odds of getting tv writing fellowships
– this is related to the question above. disney and nbc take 8 people a year, cbs, wb, and nickelodeon take less. i’m not too familiar with the new fox program. 1 in a 100 is 1%, so 1 in a 1000 is .1%, and they receive more than a 1000 submissions a year, so less than .1%.
the year is already half over! so far, i finished wotv, and have been working a pretty cool full time day job as a designer at shazam. my top 3 goals for 2013 were:
- be a working writer, and get staffed on a show.
- write at least 2 new pilot scripts.
- write a feature script.
here’s my semiannual progress report:
we had a mixer with writers from the various network writing programs, including cbs, wb, disney, the new fox program, and us from nbc wotv. there were maybe 40 writers plus the people who run the programs. it was really crowded, and a lot of fun.
here’s something you might not have known: many writers go through multiple programs. this is my second program, and i met others who went through 2, 3, and even 4 programs. people who are good enough to get into one often times get into another. but why would a writer do multiple programs? because getting into a writing program is no guarantee. it’s not like winning the lottery. obviously, the ideal situation is you get into a writing program, and then you get an agent and get staffed immediately after. that doesn’t always happen though. the programs are a chance to meet other writers, work on writing samples, and meet execs, but yeah, there are no guarantees of getting staffed.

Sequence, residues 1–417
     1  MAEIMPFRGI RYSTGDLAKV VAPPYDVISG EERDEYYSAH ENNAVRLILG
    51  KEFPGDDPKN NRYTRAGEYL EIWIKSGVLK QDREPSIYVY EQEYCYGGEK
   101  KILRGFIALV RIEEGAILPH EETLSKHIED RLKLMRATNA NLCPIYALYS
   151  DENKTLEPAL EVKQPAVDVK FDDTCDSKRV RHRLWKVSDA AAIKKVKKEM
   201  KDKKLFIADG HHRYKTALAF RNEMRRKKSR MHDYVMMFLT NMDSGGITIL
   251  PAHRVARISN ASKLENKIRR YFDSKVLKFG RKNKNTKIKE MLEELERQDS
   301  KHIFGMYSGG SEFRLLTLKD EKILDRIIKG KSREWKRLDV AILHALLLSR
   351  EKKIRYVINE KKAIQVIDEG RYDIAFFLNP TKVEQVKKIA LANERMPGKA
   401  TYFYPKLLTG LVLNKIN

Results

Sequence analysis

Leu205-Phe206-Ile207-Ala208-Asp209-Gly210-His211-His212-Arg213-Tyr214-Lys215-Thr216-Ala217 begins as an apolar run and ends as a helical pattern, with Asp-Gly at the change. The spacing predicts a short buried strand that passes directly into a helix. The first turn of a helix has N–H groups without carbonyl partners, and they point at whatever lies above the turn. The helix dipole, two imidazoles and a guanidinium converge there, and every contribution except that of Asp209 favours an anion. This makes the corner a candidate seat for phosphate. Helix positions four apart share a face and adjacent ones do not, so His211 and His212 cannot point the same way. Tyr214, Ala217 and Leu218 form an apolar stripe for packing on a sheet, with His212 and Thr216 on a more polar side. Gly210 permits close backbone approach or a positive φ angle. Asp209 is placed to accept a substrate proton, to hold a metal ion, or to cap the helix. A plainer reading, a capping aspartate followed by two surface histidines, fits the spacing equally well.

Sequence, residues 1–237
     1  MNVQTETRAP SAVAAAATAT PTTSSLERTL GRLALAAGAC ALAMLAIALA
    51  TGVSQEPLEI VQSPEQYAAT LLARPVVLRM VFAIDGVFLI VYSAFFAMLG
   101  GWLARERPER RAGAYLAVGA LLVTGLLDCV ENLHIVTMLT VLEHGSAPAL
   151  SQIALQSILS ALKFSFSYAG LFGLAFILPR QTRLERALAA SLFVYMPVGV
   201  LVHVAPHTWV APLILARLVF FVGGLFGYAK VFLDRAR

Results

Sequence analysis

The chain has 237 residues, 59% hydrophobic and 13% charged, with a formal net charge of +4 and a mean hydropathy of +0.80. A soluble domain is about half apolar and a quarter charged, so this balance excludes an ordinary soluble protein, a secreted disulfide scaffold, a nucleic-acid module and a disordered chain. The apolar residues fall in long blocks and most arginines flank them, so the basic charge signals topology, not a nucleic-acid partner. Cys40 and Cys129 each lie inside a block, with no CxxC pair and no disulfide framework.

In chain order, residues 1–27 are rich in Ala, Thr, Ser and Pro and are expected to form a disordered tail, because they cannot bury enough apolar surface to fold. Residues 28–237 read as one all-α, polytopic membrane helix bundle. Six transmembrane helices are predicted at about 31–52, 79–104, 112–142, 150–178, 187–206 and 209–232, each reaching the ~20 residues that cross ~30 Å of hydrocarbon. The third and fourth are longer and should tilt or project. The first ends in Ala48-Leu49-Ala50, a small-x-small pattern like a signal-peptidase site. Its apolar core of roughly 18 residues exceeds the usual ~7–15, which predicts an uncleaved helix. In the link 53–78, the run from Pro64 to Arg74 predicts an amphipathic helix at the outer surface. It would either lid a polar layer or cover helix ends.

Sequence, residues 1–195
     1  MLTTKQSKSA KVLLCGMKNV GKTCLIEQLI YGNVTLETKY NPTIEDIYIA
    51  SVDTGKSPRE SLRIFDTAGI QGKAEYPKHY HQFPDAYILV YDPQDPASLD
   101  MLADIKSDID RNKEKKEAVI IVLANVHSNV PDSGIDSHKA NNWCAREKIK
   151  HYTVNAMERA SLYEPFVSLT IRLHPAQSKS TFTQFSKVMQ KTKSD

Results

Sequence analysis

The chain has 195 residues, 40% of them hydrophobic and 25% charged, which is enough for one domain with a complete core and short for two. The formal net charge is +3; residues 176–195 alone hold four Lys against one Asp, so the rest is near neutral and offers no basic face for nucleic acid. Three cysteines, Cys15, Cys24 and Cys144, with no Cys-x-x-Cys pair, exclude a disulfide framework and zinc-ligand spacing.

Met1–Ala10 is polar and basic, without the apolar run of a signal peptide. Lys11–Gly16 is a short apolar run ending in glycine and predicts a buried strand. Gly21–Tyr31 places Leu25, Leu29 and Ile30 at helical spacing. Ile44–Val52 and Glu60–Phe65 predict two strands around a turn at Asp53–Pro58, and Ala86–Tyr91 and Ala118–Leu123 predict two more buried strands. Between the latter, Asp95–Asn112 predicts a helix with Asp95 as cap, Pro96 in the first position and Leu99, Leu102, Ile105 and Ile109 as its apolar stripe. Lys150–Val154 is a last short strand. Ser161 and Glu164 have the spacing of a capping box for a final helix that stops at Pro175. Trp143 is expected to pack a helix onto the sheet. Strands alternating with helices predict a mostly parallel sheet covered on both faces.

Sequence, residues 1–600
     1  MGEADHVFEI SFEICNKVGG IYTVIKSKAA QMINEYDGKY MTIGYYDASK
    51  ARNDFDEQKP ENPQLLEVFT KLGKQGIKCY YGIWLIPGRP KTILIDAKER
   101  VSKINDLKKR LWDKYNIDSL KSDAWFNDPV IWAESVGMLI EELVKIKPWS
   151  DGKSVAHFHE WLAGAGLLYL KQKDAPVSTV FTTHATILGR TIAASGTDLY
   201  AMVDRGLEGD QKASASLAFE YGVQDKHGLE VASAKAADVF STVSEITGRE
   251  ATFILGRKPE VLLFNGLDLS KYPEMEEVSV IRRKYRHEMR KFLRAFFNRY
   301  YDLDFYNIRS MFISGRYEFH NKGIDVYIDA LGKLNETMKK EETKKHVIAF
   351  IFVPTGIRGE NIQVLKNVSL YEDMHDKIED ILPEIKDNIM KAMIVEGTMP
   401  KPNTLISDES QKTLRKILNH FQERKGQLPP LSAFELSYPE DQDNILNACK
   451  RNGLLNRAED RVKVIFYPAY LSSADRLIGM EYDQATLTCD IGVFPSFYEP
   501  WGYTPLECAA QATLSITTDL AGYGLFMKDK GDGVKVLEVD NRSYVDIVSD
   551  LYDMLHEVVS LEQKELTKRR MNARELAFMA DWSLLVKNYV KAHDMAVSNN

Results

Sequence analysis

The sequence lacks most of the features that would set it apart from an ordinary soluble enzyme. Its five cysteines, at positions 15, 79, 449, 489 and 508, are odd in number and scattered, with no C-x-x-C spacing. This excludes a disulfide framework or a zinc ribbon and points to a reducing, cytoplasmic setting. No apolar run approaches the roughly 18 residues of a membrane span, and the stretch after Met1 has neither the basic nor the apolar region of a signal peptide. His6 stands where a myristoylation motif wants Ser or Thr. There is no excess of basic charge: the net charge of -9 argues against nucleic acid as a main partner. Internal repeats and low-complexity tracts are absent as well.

fellowship deadlines are around the corner, and someone had a few questions about specs.
I’m currently on my 3rd draft for my Happy Endings spec and have a few questions about it.
1.) I have a main character drifting aimlessly through the B & C plots and not really contributing anything to the story should I even bother including them? Outside of a few lines in the cold open.
I feel like these programs want you to demonstrate your understanding of the show’s voice, which means incorporating every main character into an A-B-C storyline. Shows like Community have characters barely appear in an episode and it works. I’m also not Dan Harmon though.
2.) I’ve heard that you’re not supposed to introduce new characters into a spec. I understand not creating new characters where the entire episode revolves around them, but what about a minor character that serves the plot? For instance I included Penny’s boss, a character never mentioned before, but fits into the show’s universe.
3.)Is it ok to introduce new locations? I’ve only been using established sets so far.
4.) What do judges want more in a sitcom spec? One bursting with jokes or funny plots that are tightly constructed? I guess this depends on the sitcom as well.
good questions. here are my thoughts:
after struggling for weeks, i finally finished my pilot, and i’m happy with how it came out!
i had a lot to think about after the last round of notes and the feedback from the table read. at times, i wondered if i should give up on it completely, throw it away, and just write a new pilot from scratch. instead, i let the script sit for a couple weeks, and i let the notes sink in.
around this time, i had a meeting with my wotv mentor, who works in comedy development at nbc. he was nice enough to read my script and he gave me some very insightful notes, and that’s when things started to click.